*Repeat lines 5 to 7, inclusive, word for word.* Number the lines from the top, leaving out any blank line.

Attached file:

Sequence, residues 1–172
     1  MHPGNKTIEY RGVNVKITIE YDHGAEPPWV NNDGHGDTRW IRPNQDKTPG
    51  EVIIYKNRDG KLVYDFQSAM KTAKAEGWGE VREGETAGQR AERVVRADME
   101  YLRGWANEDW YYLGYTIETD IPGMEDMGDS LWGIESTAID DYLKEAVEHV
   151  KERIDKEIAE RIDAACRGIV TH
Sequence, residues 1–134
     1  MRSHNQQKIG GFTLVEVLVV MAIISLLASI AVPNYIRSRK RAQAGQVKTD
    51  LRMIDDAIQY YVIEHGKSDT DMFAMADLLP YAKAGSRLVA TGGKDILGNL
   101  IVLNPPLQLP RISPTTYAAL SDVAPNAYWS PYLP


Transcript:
   151  KERIDKEIAE RIDAACRGIV TH
Sequence, residues 1–134
     1  MRSHNQQKIG GFTLVEVLVV MAIISLLASI AVPNYIRSRK RAQAGQVKTD